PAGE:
At any rate, I wanted to share this wonderful poem by Katha Pollitt: “Archaeology”:
You knew the odds on failure from the start
that morning you first saw or thought you saw,
beneath the heatstruck plains of a second-rate country
the outline of buried cities. A thousand to one
you'd turn up nothing more than the rubbish heap
of a poor Near Eastern backwater:
a few chipped beads,
splinters of glass and pottery, broken tablets
whose secret lore, laboriously deciphered,
would prove to be only a collection of ancient grocery lists.
Still, the train moved away from the station without you.
How many lives ago
was that? How many choices?
Now that you've got your bushelful of shards
do you say, give me back my years
or wrap yourself in the distant
glitter of desert stars,
telling yourself it was foolish after all
to have dreamed of uncovering
some fluent vessel, the bronze head of a god?
Pack up your fragments. Let the simoom
flatten the digging site. Now come
the passionate midnights in the museum basement
when out of that random rubble you'll invent
the dusty market smelling of sheep and spices,
streets, palmy gardens, courtyards set with wells
to which, in the blue of evening, one by one
come strong veiled women, bearing their perfect jars.
To me, that's what archaeology is all about. I guess deep down we all dream of temples and tombs and... whatever the equivalent would be in American historical archaeology. But the more ubiquitous debris of everyday life is just as, if not more, enticing. I see the tourists come through CW and get excited about seeing a glass bottle or a couple of cow bones. Those things are exciting to archaeologists, too (They are to me, at least; I suppose I'm too young to speak for those a bit more jaded), but not just on the surface. They're also exciting to archaeologists because sometimes when we look at them, we see so much more. That's why I wanted to become an archaeologist instead of a historian—because I want to understand the everyday, the things too mundane and too obvious in their day to make it into the history books. We are not permitted to time travel, so we dig. And then we imagine.
On a personal note, I am still in Williamsburg, but I've switched over to doing lab work now, helping sort and process the artifacts that have been brought in. It's fine, but I won't lie: As nice as it is to sleep in another half hour and work at a table in an air-conditioned building, it's a bit of a letdown after five weeks in the field. As Kent Flannery famously wrote, “archaeology is... the most fun you can have with your pants on.”
It's good to see the whole process, though. I think all aspiring archaeologists should have to experience all aspects of archaeology at some point, and although I occasionally allude to my field school's many flaws, I will say that that's one thing it did very well, making sure all its students got to work on everything at least once. Lab work can be boring and lonely compared to excavation, and it's not for everyone, but I appreciate it. Not just because it's a break from manual labor, but because it's refreshing to see some of the results of all the sweat and bruises and shower drains clogged with dirt. I love the moment of discovery when someone pulls something awesome—an intact bottle, the bowl of a pipe, a gleaming jawbone—out of a hole in the ground, and I love being able to see the soil features coming to light underneath my trowel, to see how things are laid out and how they fit together in person instead of trying to make sense of the photos and maps later on. But it's in the lab where you can really see the scope of the artifacts recovered—bags and drawers and piles full of them!—and where you can finally examine them without the dirt and sift through the soil samples for tiny treasures like beads and pins and fish scales, things you'd never spot in the field no matter how careful you were or how sharp your eyes. Finding a padlock in the flotation machine (which I haven't, but which happened to someone here a few weeks ago) may not be quite as dramatic as picking it up from the place it hit the ground two hundred years ago, but I don't think it's inherently any less exciting.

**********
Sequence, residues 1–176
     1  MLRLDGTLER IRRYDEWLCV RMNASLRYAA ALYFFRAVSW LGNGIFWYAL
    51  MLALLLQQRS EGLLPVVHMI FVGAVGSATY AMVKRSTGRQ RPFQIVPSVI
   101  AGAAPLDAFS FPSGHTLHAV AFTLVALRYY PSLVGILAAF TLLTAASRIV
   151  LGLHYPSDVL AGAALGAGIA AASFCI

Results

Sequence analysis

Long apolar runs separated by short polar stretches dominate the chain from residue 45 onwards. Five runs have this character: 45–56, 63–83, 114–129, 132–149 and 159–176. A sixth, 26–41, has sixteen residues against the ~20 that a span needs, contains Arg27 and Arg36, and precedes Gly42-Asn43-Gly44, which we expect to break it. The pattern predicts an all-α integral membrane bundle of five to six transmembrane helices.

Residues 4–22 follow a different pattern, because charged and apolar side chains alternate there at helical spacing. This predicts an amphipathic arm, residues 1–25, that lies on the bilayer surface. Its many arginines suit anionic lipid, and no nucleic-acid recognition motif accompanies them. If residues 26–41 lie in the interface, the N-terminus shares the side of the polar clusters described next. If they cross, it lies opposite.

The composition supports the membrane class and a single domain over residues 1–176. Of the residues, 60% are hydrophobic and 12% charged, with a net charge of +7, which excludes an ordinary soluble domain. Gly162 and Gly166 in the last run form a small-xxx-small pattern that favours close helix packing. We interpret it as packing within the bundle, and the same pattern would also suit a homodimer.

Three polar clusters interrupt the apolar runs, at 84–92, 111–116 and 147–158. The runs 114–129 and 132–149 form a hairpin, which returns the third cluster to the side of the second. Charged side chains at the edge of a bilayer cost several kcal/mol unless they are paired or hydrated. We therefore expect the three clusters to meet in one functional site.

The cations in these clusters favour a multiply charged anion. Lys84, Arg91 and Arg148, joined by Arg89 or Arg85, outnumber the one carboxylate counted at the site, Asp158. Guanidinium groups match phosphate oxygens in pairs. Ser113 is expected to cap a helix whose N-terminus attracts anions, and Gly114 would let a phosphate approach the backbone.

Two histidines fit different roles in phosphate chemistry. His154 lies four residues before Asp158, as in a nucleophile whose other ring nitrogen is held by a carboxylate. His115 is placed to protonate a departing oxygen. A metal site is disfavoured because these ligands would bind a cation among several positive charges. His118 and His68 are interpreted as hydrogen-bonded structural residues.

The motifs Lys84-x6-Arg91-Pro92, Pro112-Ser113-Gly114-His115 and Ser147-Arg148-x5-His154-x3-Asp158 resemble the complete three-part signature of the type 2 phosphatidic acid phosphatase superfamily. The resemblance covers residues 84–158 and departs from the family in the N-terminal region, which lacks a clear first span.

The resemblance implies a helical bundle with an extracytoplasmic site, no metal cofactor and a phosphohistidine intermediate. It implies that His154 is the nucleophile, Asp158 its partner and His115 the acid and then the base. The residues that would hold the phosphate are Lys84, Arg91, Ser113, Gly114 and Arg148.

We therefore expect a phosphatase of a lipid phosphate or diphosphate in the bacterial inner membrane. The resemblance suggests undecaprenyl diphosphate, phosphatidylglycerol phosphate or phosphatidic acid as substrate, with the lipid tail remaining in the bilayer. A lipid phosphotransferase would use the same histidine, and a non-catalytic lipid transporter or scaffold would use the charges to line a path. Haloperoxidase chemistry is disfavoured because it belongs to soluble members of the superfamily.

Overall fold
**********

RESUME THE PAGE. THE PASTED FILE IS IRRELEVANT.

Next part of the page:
Okay, maybe I'm trying to convince myself a little bit here.
A lot of field techs are field techs because they vastly prefer the sweat and the dirt to the repetitive tedium of the lab. I don't think I had ever been more aware that I'm one of them until I'd spent several days in the lab here picking through thousands of miniscule fragments of brick and bone and shell and glass and wanting to scream. I still don't believe I hate lab work unilaterally, because I've definitely had enjoyable experiences, too, but I had a very hard time with this particular transition. It's been good in some ways, though—I've enjoyed learning how to do flotation, and everyone seems to be in awe of my ability to spot teeny tiny beads among all the bits and pieces (to which I say, “Er... my mom makes costume jewelry. I've been looking at little glass beads my whole life.”). The other day I found four or five of them still strung on a bit of corroded copper wire, which really was very exciting.
I am trying very hard to remember that poem and that usually it is after the digging is done that we can begin to put all the pieces together and make sense of what we've found.